Deep Sleep Naturally Blog

Natural Solutions for a Good Night's Sleep

Insomnia and napping

Napping for 20-40 minutes before 3pm is ok and can help with productivity.  Napping any longer or later in the day may intefere with regular sleep cycles.  Also napping should not be used instead of sleeping about  7 1/2-8 hours per night but rather as an adjunct to overall health and well-being.  Naps have been shown to help reduce heart disease and increase cognitive brain function.

Stages of Sleep


I have been a practicing chiropractor for a number of years. I have treated upwards of 10,000 patients. In the last few years I have seen more and more patients who are having difficulties sleeping. A person will sleep better, if they have a better understanding of what is going on when they sleep. 

Sleep is an active state which affects you both physically and mentally. In the last few years information has been published about Cognitive Behavioral therapy (CBT) and sleep.  When a patient comes into my office and has a sleep problem, I discuss aspects of CBT with them. There are no easy, quick answers. In my book I go into a discussion and provide information about the natural solutions and ways to deal with sleep problems.

There are eighty plus different types of sleep disorders, and you can have more than one. Sleep is mysterious and can be confusing. If you are sleeping okay throughout the night, you are moving up and down through deep and shallow sleep. There are basically two stages of sleep: non-Rapid Eye Movement (non-REM) and REM sleep.

The actual time it takes to fall asleep varies from individual to individual. If you are falling asleep the minute you put your head on your pillow you are over tired. It should take you about ten to fifteen minutes to drift off and enter stage 1. Stage 1 is the shortest of the stages. It is very close to waking. When you climb into bed you should feel relaxed and aware of your surroundings. 

As you enter stage 1 you can still hear sounds and can be easily be awakened. It is during stage 1 that the alpha brain waves of drowsiness yield to theta brain waves. It is, if you will, like a curtain dropping, separating you from the outside world. The quality of sleep changes as you move from one stage into the next stage, as each stage is independent and characterized by subtle changes in bodily function. If you should wake up during stage 2, stay in bed and you will continue to drift off. As sleep gets deeper and deeper, it becomes harder to wake up. Stage 2 is preparing you for deep sleep.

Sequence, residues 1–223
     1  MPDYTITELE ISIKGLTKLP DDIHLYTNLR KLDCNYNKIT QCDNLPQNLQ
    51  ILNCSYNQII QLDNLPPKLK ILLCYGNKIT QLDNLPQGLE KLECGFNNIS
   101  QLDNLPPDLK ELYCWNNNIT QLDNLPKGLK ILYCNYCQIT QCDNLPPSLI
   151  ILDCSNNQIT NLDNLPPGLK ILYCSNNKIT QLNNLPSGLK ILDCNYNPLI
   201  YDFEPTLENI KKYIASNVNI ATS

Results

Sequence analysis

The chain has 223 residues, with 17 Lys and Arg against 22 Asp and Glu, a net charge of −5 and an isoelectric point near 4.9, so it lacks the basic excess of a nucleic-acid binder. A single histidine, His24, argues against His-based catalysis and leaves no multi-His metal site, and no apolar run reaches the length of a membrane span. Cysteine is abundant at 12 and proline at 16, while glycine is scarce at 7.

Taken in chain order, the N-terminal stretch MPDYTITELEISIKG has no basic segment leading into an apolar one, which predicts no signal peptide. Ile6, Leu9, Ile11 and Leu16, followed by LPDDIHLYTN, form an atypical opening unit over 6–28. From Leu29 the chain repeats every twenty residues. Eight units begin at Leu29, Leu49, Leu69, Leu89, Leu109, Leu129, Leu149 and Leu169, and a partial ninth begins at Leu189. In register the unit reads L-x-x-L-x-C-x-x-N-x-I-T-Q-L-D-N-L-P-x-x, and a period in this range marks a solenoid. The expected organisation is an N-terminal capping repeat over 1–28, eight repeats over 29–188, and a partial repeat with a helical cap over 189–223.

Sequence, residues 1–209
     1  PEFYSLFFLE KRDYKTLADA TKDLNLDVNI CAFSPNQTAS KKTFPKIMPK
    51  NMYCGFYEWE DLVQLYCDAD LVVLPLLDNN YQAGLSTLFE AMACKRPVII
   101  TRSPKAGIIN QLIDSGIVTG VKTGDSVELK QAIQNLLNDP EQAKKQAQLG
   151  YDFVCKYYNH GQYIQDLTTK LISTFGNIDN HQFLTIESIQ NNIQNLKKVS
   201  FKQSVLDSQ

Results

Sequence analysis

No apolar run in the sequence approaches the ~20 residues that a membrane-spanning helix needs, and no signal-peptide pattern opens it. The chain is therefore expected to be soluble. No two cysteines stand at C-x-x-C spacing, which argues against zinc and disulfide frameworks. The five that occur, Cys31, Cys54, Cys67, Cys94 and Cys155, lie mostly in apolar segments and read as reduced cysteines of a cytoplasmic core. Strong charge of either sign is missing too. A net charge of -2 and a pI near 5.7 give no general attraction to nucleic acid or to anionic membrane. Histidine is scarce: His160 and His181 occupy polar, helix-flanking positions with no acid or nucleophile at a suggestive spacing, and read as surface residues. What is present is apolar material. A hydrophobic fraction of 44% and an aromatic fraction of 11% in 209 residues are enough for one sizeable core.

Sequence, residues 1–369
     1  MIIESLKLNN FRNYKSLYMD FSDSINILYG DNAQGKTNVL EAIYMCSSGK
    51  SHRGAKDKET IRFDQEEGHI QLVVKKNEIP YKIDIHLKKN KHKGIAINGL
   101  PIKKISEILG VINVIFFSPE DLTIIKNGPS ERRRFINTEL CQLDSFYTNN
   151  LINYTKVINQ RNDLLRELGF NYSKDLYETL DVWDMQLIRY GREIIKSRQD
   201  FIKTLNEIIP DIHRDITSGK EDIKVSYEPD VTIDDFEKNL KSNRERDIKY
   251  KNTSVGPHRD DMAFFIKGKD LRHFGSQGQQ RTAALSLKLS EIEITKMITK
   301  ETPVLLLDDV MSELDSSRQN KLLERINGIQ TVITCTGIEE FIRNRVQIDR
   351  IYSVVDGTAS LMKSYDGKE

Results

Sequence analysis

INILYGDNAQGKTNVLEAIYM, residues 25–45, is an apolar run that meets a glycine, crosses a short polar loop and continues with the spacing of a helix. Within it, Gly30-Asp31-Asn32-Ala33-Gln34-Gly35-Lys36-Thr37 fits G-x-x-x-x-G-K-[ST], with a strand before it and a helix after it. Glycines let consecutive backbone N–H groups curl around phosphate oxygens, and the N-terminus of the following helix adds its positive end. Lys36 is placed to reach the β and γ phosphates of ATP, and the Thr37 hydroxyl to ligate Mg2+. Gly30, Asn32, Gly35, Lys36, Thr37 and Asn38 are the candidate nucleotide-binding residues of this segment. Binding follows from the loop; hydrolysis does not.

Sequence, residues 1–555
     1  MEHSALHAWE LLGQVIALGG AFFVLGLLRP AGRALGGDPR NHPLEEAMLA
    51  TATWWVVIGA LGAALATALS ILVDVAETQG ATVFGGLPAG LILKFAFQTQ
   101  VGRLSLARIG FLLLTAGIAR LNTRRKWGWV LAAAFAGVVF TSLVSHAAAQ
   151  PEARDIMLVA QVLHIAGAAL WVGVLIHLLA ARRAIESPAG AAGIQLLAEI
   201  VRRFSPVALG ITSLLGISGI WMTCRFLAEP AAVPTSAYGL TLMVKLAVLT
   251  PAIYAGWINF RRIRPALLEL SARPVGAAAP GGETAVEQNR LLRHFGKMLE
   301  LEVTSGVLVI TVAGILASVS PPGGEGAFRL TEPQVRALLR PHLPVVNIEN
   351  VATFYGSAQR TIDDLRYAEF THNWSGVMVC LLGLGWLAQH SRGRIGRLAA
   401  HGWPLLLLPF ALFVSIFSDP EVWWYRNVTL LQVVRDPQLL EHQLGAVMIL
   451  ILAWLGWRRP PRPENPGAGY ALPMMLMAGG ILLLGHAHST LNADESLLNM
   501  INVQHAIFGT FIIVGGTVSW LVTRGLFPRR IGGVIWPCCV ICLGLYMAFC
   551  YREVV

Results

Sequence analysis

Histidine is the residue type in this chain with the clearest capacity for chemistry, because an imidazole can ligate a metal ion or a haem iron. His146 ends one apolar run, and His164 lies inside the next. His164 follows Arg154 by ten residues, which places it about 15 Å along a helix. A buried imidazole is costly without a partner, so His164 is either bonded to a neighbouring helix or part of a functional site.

Stage 3 and 4 are deep sleep stages. Stage 3 is characterized by delta waves and some faster waves. In stage 4 the brain is only putting forth the slow delta waves. One is no longer conscious in stage 4; it isn’t easy to wake someone up when they are in stage 4. It is during the deep stages of non-REM sleep that our bodies start the process of repairing tissue and strengthening the immune system. It is during this stage that the brain releases hormones and chemical messengers that work to stimulate cellular activity throughout the body. 
In general Stages 1–4 usually should last from 90 to 120 minutes. Stages 2 and 3 repeat before Stage 5 or REM sleep. So, a normal sleep cycle has this pattern: waking, stage 1, 2, 3, 4, 3, 2, REM. Usually, the first REM sleep stage occurs 90 minutes after sleep onset. Upon entering REM sleep all voluntary muscles become completely paralyzed and brain activity increases. Non-REM and REM sleep alternate in a cyclical manner, approximately 4 to 6 cycles throughout the night and are interspersed with brief periods of wakefulness.

 Good night!

Foods to help you sleep better

Tart cherry juice has some naturally occuring melatonin. Milk has tryptophan. Bananas also have natural tryptophan. All of these before bed can help you sleep better.  Start with 1-2 ounces of tart cherry juice, maybe a half a banana, and a small glass of low fat or non fat organic milk before bed.

Long weekends and sleep schedule

It is always a good idea to go to sleep and wake up the same time each day.  This includes weekends also.  If we change our bedtime and waketime on the weekends it can interfere with insomnia.  It is ok to sleep a little extra on the weekends but not change the wake sleep cycle too drastically.

Antiaging and sleep!!!

Many studies now show that without adequate deep,  nourishing sleep of 8 hours per night you are running the risk of being more susceptible to obesity, diabetes,heart disease, stroke and even cancer, as well as depression.  Nothing will give you antiaging and disease free living  like  great sleep!!!!